Battery Killers: Grid-Interactive Water Heaters

grid interactive water heatersGrid-interactive water heaters (GIWHs) add bidirectional control to electric resistance water heaters, allowing a utility or third-party aggregator to rapidly toggle them off and on. This functionality turns a fleet of water heaters into a flexible energy-storage medium, capable of increasing and decreasing the load on the grid on a second-by-second basis.

GIWHs are currently the least expensive form of energy storage available. Utilities can use fleets of grid-enabled water heaters for load shifting, demand response, arbitrage, ancillary services, or to respond to unexpected grid-stabilization events. Traditional dissemination of new water heater technology has been a painstakingly slow process, but water heater rental programs may greatly accelerate this process.

Read more: Battery Killers: How Water Heaters Have Evolved into Grid-Scale Energy-Storage Devices, David Podorson.

Related: How sustainable is stored sunlight?

The Energetic Implications of Energy Storage

“When renewable energy sources such as solar and wind farms generate more electricity than consumers need, storing the excess doesn’t always make sense. Large, grid-scale batteries capable of storing the extra electricity are resource-intensive and costly to manufacture and maintain — sometimes more so than the energy they’re used to store.”

The energetic implications of curtailing versus storing solar- and wind-generated electricity, Charles J. Barnhart et al, Energy & Environmental Science, Issue 10, 2013. Open access. Via Eurekalert and Yale Environment 360.

Finally: A Life Cycle Analysis of Electric Cars

Trexa-ev3“We develop and provide a transparent life cycle inventory of conventional and electric vehicles and apply our inventory to assess conventional and EVs over a range of impact categories. For all scenarios analyzed, the use phase is responsible for the majority of the global warming potential (GWP) impact, either directly through fuel combustion or indirectly during electricity production.”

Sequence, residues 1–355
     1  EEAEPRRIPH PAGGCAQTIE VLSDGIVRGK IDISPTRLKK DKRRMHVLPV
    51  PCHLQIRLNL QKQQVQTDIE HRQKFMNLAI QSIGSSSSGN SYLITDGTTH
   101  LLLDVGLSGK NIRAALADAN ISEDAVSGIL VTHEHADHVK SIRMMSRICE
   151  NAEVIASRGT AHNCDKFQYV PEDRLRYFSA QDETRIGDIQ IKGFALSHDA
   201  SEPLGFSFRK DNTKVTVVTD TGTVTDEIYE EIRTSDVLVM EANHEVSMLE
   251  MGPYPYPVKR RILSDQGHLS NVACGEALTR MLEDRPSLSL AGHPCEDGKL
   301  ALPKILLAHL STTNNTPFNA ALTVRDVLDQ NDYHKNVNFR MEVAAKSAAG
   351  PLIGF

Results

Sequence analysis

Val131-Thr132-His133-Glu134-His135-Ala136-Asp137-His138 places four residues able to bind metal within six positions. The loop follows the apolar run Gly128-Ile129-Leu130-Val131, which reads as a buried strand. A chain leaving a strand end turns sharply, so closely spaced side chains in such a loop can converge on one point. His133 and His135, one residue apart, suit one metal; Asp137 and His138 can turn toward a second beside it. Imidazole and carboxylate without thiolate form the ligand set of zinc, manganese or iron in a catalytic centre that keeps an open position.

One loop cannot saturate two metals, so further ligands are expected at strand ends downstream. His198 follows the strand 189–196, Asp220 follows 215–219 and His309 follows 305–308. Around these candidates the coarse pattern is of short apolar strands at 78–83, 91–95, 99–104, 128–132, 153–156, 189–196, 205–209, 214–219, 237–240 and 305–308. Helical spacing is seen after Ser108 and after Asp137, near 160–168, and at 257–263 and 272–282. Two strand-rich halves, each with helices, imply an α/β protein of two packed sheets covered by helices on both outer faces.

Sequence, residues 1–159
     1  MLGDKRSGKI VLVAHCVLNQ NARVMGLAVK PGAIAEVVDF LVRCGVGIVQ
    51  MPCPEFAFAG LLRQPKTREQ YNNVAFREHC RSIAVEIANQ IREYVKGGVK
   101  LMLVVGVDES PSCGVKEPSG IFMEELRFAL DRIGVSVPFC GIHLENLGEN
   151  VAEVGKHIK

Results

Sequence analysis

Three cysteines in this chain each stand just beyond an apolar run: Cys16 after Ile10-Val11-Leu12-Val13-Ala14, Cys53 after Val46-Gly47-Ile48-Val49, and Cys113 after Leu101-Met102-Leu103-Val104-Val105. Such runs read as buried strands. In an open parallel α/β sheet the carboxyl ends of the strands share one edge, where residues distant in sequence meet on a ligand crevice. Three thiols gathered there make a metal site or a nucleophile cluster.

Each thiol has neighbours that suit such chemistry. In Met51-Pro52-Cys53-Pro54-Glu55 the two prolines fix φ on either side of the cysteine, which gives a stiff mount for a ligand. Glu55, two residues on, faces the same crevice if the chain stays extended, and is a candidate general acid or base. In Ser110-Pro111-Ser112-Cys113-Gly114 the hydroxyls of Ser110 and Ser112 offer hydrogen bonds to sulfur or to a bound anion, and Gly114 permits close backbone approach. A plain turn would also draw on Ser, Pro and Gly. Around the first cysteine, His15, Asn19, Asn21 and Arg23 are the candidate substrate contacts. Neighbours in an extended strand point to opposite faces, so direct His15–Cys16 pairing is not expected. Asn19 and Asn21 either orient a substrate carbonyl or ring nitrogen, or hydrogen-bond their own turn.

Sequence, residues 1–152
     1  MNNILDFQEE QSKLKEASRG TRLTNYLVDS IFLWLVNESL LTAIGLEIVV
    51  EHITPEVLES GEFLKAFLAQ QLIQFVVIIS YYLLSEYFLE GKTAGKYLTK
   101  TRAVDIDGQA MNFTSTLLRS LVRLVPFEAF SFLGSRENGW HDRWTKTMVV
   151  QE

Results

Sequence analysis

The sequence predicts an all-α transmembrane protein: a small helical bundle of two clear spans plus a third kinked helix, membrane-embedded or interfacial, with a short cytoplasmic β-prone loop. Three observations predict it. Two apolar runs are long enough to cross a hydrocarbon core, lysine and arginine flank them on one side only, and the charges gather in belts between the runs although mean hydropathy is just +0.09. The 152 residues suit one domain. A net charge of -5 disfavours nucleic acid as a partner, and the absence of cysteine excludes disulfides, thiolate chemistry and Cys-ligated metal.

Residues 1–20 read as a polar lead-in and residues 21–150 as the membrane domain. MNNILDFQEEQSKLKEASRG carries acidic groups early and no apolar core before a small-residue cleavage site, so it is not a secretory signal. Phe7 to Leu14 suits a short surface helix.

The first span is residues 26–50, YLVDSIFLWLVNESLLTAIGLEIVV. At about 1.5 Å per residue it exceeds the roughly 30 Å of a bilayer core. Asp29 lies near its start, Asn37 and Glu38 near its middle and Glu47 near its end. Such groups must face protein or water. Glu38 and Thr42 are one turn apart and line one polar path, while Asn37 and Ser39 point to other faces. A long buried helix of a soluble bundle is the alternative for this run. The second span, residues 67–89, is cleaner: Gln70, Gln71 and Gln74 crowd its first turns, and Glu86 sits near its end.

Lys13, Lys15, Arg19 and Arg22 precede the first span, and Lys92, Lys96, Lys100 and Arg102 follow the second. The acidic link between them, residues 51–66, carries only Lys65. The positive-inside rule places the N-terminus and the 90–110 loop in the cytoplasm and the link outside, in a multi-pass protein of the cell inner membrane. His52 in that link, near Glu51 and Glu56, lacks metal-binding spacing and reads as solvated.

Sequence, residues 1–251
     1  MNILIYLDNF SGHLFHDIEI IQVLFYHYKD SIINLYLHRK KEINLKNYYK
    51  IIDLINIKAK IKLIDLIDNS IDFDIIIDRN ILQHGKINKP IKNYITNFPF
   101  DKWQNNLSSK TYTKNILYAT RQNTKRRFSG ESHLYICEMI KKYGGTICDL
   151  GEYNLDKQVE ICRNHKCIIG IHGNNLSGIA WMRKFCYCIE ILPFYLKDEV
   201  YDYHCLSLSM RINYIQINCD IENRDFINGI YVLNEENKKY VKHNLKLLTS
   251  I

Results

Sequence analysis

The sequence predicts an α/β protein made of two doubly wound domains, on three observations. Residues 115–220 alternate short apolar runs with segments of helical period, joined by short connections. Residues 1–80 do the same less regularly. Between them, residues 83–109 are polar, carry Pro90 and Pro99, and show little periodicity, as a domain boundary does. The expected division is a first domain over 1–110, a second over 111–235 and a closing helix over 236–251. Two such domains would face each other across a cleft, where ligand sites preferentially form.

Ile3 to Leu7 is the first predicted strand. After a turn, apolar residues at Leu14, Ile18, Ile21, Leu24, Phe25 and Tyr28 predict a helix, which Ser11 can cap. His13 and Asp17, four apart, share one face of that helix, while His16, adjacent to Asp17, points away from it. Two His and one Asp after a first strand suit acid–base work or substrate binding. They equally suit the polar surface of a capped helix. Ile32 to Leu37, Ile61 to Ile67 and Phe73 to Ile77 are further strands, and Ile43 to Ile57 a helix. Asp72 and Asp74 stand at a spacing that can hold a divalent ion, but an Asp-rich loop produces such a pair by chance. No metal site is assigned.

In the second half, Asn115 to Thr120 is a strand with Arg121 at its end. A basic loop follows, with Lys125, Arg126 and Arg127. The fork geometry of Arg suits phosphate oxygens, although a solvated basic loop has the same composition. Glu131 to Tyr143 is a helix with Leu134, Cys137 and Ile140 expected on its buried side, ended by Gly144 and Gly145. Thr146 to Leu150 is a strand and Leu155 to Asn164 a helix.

Total emissions

“When powered by average European electricity, EVs are found to reduce GWP by 20% to 24% compared to gasoline ICEVs and by 10% to 14% relative to diesel internal combustion engine vehicles (ICEVs) under the base case assumption of a 150,000 km vehicle lifetime. When powered by electricity from natural gas, we estimate EVs offer a reduction in GHG emissions of 12% compared to gasoline ICEVs, and break even with diesel ICEVs. EVs powered by coal electricity are expected to cause an increase in GWP of 17% to 27% compared with diesel and gasoline ICEVs. Wind power electricity would allow electric transportation with life cycle carbon footprints as low as 106 g CO2-eq/km.”

Vehicle production: Manufacturing one electric car takes as much energy as manufacturing two conventional automobiles

“In contrast with ICEVs, almost half of an EV’s life cycle GWP is associated with its production. We estimate the GWP from EV production to be 87 to 95 grams carbon dioxide equivalent per kilometer (g CO2-eq/km), which is roughly twice the 43 g CO2-eq/km associated with ICEV production. Battery production contributes 35% to 41% of the EV production phase GWP, whereas the electric engine contributes 7% to 8%. Other powertrain components, notably inverters and the passive battery cooling system with their high aluminum content, contribute 16% to 18% of the embodied GWP of EVs.”

Comparative Environmental Life Cycle Assessment of Conventional and Electric Vehicles“, Troy R. Hawkins, Bhawna Singh, Guillaume Majeau-Bettez, Anders Hammer Strømman, in “Journal of Industrial Ecology”, October 2012. Via the BBC and Treehugger. Picture: Trexa. Previously: The status quo of electric cars: better batteries, same range

A Nation-Sized Battery

“Putting the pieces together, our national battery occupies a volume of 4.4 billion cubic meters, equivalent to a cube 1.6 km (one mile) on a side. The size in itself is not a problem: we’d naturally break up the battery and distribute it around the country. This battery would demand 5 trillion kg (5 billion tons) of lead. A USGS report from 2011 reports 80 million tons (Mt) of lead in known reserves worldwide, with 7 Mt in the U.S. A note in the report indicates that the recent demonstration of lead associated with zinc, silver, and copper deposits places the estimated (undiscovered) lead resources of the world at 1.5 billion tons. That’s still not enough to build the battery for the U.S. alone. But even then, we aren’t done: batteries are good for only so many cycles (roughly 1000, depending on depth of discharge), so the national battery would require a rotating service schedule to recycle each part once every 5 years or so. This servicing would be a massive, expensive, and never-ending undertaking.” Read more: A Nation-Size Battery.